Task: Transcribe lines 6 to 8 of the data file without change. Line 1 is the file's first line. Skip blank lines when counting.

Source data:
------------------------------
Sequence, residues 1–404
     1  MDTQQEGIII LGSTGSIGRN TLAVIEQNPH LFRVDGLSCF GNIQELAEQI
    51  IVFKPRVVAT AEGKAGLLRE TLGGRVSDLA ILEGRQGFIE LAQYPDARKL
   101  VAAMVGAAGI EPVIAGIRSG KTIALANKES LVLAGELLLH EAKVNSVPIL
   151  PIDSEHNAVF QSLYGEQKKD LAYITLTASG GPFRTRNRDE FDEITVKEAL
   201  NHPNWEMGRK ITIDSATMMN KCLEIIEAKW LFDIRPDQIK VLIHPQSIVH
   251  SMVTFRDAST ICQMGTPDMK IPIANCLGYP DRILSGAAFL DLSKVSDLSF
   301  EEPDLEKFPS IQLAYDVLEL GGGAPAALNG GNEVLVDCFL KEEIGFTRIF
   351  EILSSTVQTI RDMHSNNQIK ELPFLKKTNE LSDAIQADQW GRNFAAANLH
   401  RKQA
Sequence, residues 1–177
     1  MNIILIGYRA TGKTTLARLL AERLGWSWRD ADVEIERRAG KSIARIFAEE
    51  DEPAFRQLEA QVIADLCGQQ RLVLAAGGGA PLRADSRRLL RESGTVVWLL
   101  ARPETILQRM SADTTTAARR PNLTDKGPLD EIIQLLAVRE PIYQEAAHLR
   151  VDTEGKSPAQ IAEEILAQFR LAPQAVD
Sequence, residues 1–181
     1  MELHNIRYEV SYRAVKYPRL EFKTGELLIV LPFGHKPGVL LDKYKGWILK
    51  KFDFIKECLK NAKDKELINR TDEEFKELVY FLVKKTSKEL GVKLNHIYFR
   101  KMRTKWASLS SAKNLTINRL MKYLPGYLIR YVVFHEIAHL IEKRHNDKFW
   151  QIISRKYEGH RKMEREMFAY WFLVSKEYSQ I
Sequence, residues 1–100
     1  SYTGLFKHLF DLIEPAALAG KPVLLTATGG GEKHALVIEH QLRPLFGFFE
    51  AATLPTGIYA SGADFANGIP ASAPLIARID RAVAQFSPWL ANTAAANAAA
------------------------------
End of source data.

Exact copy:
   201  NHPNWEMGRK ITIDSATMMN KCLEIIEAKW LFDIRPDQIK VLIHPQSIVH
   251  SMVTFRDAST ICQMGTPDMK IPIANCLGYP DRILSGAAFL DLSKVSDLSF
   301  EEPDLEKFPS IQLAYDVLEL GGGAPAALNG GNEVLVDCFL KEEIGFTRIF